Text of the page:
EFSA

AcronymDefinition
EFSAEuropean Food Safety Authority
EFSAEgyptian Financial Supervisory Authority
EFSAEuropean Food Standards Agency (EU)
EFSAEuropean Food Standards Authority
EFSAEuropean Federation of Sea Anglers
EFSAEuropean Food Safety Association
EFSAEmergency Food and Shelter Assistance (Miami-Dade County, FL)
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References in periodicals archive ?
Mohamed Omran, chairperson of the Egyptian Financial Supervisory Authority (EFSA), said that the authority decided to oblige its registered auditors to have insurance policies, as well as financial consultants, doctors, and engineers.
The EFSA conclusion is consistent with the recent clear statement confirming the safety of BPA in food contact materials from the US Food and Drug Administration (FDA).
According to a report published by PAN-Europe the same day, 52% of the experts working for the EFSA on the effects of mixtures of pesticides in food appear to have ties to industry.
It is a step forward in strengthening consumer confidence in the scientific underpinning of the EU food safety system and the regulation of food additives", said the Chair of EFSA's Panel on Food Additives and Nutrient Sources Added to Foods (ANS Panel), Dr Alicia Mortensen.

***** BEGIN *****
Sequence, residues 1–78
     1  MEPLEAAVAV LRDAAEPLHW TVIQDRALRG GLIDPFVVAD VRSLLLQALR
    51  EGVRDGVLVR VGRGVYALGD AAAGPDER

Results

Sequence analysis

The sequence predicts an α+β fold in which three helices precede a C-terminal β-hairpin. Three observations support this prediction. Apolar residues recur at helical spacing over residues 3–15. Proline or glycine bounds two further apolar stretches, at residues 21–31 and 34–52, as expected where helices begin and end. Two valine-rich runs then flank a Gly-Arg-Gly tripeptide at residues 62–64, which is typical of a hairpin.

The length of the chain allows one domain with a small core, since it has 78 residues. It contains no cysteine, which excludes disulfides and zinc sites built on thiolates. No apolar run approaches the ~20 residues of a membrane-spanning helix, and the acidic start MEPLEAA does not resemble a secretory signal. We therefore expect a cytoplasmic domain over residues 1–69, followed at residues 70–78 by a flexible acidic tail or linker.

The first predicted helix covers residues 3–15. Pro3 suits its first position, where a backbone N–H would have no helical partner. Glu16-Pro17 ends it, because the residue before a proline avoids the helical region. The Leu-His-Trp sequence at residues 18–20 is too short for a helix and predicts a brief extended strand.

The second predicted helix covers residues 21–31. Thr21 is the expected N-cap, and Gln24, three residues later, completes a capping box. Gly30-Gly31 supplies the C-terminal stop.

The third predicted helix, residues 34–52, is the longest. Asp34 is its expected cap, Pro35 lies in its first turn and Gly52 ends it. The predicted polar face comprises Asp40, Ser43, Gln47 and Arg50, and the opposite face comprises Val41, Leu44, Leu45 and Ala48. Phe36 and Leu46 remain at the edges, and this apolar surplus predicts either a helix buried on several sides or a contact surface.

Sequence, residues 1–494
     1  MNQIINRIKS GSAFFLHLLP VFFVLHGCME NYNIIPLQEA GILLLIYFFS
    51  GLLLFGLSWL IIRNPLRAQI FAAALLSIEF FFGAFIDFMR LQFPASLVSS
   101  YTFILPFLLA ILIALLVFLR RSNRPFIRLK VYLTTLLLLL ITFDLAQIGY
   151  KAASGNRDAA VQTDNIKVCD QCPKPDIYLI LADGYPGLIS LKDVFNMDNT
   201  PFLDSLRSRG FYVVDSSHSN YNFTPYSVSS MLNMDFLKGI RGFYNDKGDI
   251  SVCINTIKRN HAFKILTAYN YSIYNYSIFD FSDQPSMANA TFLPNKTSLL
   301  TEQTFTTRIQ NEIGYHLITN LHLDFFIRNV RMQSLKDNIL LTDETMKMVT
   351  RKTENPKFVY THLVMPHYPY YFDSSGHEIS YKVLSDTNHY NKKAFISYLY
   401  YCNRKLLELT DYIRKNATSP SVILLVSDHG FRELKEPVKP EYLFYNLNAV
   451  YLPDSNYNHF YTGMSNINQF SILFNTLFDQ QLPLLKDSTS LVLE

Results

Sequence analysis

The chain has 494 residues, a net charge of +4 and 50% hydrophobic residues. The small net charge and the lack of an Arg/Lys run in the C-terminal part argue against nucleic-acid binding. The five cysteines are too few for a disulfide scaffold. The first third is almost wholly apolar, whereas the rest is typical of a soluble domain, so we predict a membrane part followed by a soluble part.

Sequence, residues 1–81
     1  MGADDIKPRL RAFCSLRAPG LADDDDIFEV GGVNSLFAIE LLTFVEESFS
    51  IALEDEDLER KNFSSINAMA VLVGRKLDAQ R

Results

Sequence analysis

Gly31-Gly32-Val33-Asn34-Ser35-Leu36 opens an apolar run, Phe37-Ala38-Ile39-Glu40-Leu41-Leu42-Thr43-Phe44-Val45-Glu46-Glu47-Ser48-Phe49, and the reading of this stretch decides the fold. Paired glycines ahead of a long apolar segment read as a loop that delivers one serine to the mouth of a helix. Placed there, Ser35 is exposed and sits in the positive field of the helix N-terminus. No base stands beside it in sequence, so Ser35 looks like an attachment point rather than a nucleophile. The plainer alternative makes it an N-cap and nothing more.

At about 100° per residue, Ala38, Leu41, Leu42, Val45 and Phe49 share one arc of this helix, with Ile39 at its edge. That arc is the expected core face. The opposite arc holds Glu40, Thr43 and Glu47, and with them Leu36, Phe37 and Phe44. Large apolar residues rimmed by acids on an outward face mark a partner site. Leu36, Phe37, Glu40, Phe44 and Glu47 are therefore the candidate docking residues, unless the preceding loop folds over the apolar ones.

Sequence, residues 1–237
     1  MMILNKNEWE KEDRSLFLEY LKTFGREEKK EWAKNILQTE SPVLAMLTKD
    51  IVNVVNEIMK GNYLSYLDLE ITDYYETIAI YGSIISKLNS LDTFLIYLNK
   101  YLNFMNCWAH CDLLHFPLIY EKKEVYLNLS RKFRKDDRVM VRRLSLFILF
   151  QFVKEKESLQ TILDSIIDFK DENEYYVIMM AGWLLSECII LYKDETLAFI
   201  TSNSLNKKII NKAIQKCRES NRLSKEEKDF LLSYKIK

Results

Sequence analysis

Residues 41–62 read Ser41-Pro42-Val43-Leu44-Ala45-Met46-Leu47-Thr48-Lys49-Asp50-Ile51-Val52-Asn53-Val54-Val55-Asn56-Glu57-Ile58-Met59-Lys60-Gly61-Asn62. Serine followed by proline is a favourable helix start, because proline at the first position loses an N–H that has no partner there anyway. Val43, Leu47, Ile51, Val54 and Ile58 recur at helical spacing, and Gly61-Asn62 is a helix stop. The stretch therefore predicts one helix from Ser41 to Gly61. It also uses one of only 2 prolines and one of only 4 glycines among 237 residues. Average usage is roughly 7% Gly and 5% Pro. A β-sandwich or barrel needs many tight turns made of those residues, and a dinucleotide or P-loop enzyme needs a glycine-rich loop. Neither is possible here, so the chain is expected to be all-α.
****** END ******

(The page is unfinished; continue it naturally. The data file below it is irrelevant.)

The favorable EFSA opinion must now be confirmed by the European Commission before it is fully permitted for use in the EU.
A statement was issued to the EFSA to The Egyptian Exchange.
EFSA initially treated these claims differently, issuing a positive opinion to ALA on the basis of its essentiality without direct clinical evidence, and denying the DHA claim because the data were "insufficient to establish a cause and effect relationship." This has led to a very long debate between scientists and regulators on omega-3s and, if nothing else, may have educated some politicians about the benefits of omega-3s!
While some studies on animals exposed to low levels of BPA had shown "biochemical changes in the central nervous system, effects on the immune system, and enhanced susceptibility to breast cancer," the EFSA panel concluded that these studies had "many shortcomings" and could not be used to determine the impact of the substance on human health.
After a lengthy evaluation process, on 5 May 2006, the EFSA published a 44-page report (EFSA 2006).
EFSA's point is to give the stockholders a clear picture upon which they can base their investment decisions.
Under pressure from the European Parliament, the Commission asked EFSA to accelerate its work on aspartame, and publish a final opinion in May 2013.